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A Legal Full-Court Press
Johnette Howard
October 19, 1998
Can a single mom—the Sparks' Pam McGee—raise a child and play in the WNBA?
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October 19, 1998

A Legal Full-court Press

Can a single mom—the Sparks' Pam McGee—raise a child and play in the WNBA?

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If it were up to Los Angeles Sparks center Pam McGee, she wouldn't be mired in a legal battle that has become a cause c�l�bre for a single working mother's child custody rights, and her three-year battle with her former husband over shared custody of their four-year-old daughter, Imani, wouldn't be playing out publicly in excruciating detail, with ugly allegations flying and daytime talk shows clamoring for McGee to appear.

Had it been up to McGee, there would have been no need for lawyers. There would have been no 1996 divorce judgment dissolving her marriage to the Reverend Kevin Stafford, Imani's father. There would have been no 325-page court file laying open her life, and there would have been no reporters' questions about the two nights in May 1995 when she was voluntarily hospitalized for treatment of depression while her marriage was crumbling, or about the night last January that she spent in a Sacramento jail for refusing a judge's order to turn her daughter over to Stafford. "I said, 'Judge, you do what you have to do,' " McGee says. "I said, 'I'm not giving up my baby' "

Because of basketball McGee has a 1984 Olympic gold medal, two NCAA title rings and an economics degree from USC. However, for a snarl of reasons—many of them related to McGee's playing in the WNBA die past two summers—Stafford won temporary sole custody of Imani in a hearing last December. Since then the child has lived primarily with her father in Mount Clemens, Mich., a small town about 60 miles southeast of Flint, where McGee and her twin sister, Paula, grew up and their mother, Dianne, still lives.

On Sept. 21, at the Mount Clemens Greater Morning Star Baptist Church, where Stafford is the pastor and Pam attended services when she was still his wife, Stafford held a press conference in the basement to explain why he had asked a Macomb County circuit court to give him permanent sole custody of Imani. Flanked by two lawyers and speaking in his resonant baritone voice and deliberate preacher's cadence, Stafford said he wasn't trying to deprive McGee of a role in the rearing of their daughter. "Not at all," he said. Asked if McGee was a bad mother, one of Stafford's lawyers, Peter Lucido, quickly said, "Never."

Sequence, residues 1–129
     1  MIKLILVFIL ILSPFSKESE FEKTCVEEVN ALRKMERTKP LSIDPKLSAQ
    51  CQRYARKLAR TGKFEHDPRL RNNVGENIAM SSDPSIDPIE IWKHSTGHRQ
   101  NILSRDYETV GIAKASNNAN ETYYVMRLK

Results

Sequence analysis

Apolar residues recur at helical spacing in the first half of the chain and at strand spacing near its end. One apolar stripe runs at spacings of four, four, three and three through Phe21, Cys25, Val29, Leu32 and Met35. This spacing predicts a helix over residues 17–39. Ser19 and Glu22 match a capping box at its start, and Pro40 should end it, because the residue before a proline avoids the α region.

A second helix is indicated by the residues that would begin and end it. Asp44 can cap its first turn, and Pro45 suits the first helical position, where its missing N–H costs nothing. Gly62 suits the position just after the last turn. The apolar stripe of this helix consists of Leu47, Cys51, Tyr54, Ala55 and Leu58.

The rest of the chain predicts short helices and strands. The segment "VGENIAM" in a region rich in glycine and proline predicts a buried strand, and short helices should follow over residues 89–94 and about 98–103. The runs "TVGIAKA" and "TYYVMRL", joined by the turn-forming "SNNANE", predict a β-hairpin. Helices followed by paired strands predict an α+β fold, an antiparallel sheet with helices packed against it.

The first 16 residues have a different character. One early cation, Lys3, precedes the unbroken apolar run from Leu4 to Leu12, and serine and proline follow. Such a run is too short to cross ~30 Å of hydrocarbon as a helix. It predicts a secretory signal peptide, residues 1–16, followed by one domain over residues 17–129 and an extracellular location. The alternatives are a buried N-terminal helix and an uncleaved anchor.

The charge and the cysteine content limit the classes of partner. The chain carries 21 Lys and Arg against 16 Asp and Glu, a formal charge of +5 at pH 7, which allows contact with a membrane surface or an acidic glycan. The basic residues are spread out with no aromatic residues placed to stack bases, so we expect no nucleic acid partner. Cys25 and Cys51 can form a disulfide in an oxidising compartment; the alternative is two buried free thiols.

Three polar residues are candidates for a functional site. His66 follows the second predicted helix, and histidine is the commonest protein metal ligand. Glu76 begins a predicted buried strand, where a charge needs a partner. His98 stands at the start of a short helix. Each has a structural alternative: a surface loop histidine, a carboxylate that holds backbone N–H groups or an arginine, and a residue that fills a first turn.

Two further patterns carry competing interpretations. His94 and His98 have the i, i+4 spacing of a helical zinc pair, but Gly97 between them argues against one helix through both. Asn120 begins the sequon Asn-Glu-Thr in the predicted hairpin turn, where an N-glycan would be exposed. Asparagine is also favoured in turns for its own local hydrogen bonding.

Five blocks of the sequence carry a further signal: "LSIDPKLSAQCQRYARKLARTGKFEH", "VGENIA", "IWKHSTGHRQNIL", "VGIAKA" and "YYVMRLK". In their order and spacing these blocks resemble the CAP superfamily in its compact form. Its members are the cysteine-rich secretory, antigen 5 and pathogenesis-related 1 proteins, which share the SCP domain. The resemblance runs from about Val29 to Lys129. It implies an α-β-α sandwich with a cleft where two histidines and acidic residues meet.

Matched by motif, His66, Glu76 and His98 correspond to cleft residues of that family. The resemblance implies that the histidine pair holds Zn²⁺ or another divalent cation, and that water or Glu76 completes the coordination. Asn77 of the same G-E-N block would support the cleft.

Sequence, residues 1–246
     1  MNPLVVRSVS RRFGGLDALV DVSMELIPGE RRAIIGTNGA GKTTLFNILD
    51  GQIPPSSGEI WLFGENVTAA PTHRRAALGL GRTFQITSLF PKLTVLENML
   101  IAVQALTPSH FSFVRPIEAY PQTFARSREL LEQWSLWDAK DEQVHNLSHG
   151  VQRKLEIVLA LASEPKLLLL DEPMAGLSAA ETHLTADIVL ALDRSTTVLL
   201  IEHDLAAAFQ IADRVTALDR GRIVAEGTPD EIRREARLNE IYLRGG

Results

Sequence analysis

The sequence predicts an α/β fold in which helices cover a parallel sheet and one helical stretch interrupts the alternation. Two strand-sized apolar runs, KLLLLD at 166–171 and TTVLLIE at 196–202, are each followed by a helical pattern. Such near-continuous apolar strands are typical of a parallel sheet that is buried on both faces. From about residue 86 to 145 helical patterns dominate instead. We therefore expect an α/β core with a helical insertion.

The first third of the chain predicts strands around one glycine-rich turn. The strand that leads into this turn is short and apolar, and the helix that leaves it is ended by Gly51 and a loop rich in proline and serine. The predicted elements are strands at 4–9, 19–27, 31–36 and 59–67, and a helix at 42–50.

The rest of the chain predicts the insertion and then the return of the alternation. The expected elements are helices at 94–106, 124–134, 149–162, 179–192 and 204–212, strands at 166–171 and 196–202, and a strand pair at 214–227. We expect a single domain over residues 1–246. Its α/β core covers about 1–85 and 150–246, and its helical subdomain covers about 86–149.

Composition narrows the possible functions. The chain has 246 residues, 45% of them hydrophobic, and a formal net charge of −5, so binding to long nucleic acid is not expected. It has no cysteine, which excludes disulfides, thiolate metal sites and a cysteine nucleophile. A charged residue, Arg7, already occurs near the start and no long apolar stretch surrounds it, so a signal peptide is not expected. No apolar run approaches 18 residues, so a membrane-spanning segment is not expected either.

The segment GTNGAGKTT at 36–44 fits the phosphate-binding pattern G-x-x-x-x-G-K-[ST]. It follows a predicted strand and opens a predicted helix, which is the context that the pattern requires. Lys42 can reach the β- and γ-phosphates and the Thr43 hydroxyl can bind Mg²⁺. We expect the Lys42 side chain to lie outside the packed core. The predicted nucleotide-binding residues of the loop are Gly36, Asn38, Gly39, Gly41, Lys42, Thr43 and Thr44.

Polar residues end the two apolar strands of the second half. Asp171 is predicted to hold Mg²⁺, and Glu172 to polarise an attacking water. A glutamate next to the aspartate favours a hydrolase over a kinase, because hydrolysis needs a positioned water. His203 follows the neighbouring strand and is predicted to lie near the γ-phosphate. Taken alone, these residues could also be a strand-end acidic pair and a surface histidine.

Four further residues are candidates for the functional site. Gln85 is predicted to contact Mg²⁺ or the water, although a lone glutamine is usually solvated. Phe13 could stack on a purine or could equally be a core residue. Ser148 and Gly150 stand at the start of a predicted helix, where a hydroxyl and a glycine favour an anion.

Stafford and Lucido told reporters the custody fight for Imani isn't about a single working mother's ability to be a good parent or McGee's decision to resume her basketball career. But in papers filed with the circuit court, that's precisely the argument Stafford has made. A motion for temporary custody filed on Stafford's behalf last Dec. 12 contends, "The level of [basketball] achievement accomplished by [McGee]... impairs her ability to parent her daughter." Stafford's most recent filing states that awarding custody to him would be in the best interest of the child "in light of [McGee's] rigorous travel schedule, unstable living environment and lack of permanent job stability." Four weeks ago Lucido told the Associated Press, "The whole problem right now is her career."

The case attracted national attention beginning on Sept. 14, when Macomb County circuit court judge Peter Maceroni granted Stafford's request for continued temporary sole custody of Imani while county friend of the court officials investigated whether McGee's career diminishes her ability to be a good parent. Maceroni's ruling is enough to send chills through any single working parent, let alone a pro athlete who is a single parent: Could a judge take away your child because your job requires you to travel part of the year?

"If I have to provide for my children, as a mother and as a woman," McGee says, "I should have that option [to play pro basketball] and not be penalized."

The irony is that McGee, 35, wouldn't be playing pro basketball if Stafford hadn't walked out on her in August 1995, after 18 months of marriage, leaving her with two children (JaVale Montgomery, now 10, her son from a previous relationship, and Imani) and no source of income. "I went to the friend of the court office and said, 'What do you recommend I do?' " McGee says. "They said, 'The only thing we can advise you to do is go on welfare.' I've always been a woman of dignity. I said, 'No. I am going to get on my feet. I'll do whatever I have to.' "

Another irony is that while McGee's travel schedule is under scrutiny by the court-she spends a total of about four weeks on the road during the WNBA's 30-game summer season—Stafford's travel schedule is not at issue, even though he told the court in a Jan. 30 filing that his ministry requires him to travel seven to eight weeks a year. Stafford also uses day care and babysitters to help look after Imani, practices for which he criticizes McGee in his court filings.

When she married Stafford in January 1994, McGee planned to be a stay-at-home pastor's wife and mother. In court documents McGee maintained she was the sole provider the first six months she and Stafford were married, supporting him on savings from her five-year European basketball career while he finished studying at a seminary in Atlanta.

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